CAIRO - Egyptian troops and police had taken relatively low-key security measures before the "Friday of Martyrs" processions that were to have begun from 28 mosques in the capital after weekly prayers.
Mass protests called by Egypt's Muslim Brotherhood mostly failed to
materialize on Friday as the movement reels from a bloody army crackdown
on followers of ousted President Mohamed Morsi.
But midday prayers were cancelled at some mosques and few major protests unfolded in Cairo, although witnesses said at least 1,000 people staged a march in the Mohandiseen district.
There were no reports of violence in that procession, but the Brotherhood's website said one person had been killed in the Nile Delta town of Tanta in clashes with security forces.
Brotherhood supporters also turned out in Alexandria, several Delta towns, the Suez Canal city of Ismailia, the north Sinai town of Rafah, and Assiut in the south, with minor skirmishes reported in some places.
"We are not afraid; it's victory or death," said Mohamed Abdel Azim, a retired oil engineer who was among about 100 people marching slowly from a mosque near Cairo University.
"They intend to strike at Muslims," the grey-bearded Azim said. "We'd rather die in dignity than live in oppression. We'll keep coming out until there's no one left."
Despite his defiant words, the mood of the protesters seemed subdued, perhaps a sign that the crackdown and the round-up of Brotherhood leaders has chilled the rank-and-file.
Some marchers carried posters of Morsi, who was toppled by army chief General Abdel Fattah al-Sisi on July 3 after huge demonstrations against his rule.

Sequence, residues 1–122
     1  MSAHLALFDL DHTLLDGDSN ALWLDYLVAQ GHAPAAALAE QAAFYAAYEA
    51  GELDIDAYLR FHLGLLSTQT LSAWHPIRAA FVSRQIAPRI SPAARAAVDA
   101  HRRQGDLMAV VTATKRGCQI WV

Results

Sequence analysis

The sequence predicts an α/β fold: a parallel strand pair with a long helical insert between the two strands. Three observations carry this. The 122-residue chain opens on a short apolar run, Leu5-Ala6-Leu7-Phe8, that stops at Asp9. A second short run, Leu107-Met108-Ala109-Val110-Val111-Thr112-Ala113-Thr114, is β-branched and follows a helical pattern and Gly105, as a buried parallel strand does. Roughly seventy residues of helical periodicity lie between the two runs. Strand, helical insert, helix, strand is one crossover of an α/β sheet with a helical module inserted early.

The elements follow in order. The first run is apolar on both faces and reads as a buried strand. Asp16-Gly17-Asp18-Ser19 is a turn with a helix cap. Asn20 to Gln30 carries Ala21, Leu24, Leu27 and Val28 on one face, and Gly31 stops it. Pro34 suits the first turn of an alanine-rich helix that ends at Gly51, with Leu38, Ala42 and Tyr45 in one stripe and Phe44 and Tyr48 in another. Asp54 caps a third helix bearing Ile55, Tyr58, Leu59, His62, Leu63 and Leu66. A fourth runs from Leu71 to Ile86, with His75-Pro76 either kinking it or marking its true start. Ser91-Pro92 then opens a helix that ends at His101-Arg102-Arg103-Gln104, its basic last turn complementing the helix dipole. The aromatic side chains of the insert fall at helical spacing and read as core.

"No to the coup," they chanted.
"GOD WILL BRING DOWN SISI"
At another small protest in Cairo, a veiled nursery teacher with four children, who gave her name as Nasra, said: "God will make us victorious, even if many of us are hurt and even if it takes a long time. God willing, God will bring down Sisi."
Egypt has endured the bloodiest civil unrest in its modern history since Aug. 14 when police destroyed protest camps set up by Morsi's supporters in Cairo to demand his reinstatement.
The violence has alarmed Egypt's Western allies, but US President Barack Obama acknowledged that even a decision to cut off US aid to Cairo might not influence its military rulers.
But he said Washington was re-evaluating its ties with Egypt. "There's no doubt that we can't return to business as usual, given what's happened," he told CNN in an interview.
Some U.S. lawmakers have called for a halt to the $1.5 billion a year in mostly military assistance to Egypt to bolster its 1979 peace treaty with Israel in 1979. Military cooperation includes privileged US access to the Suez Canal.
The Brotherhood, hounded by Egypt's new army-backed rulers, had called for demonstrations across the country against the crackdown, testing the resilience of its battered support base.
Security forces kept a watchful eye, but did not flood the streets, even near Cairo's central Fateh mosque, where gun battles killed scores of people last Friday and Saturday.
The mosque's metal gates and big front door were locked and chained. Prayers were cancelled. Two armored vehicles were parked down the street, where people shopped at a busy market.
Only one riot police truck stood by near Rabaa al-Adawiya square in northeastern Cairo, home to the Brotherhood's biggest protest vigil until police and troops stormed in, killing hundreds of p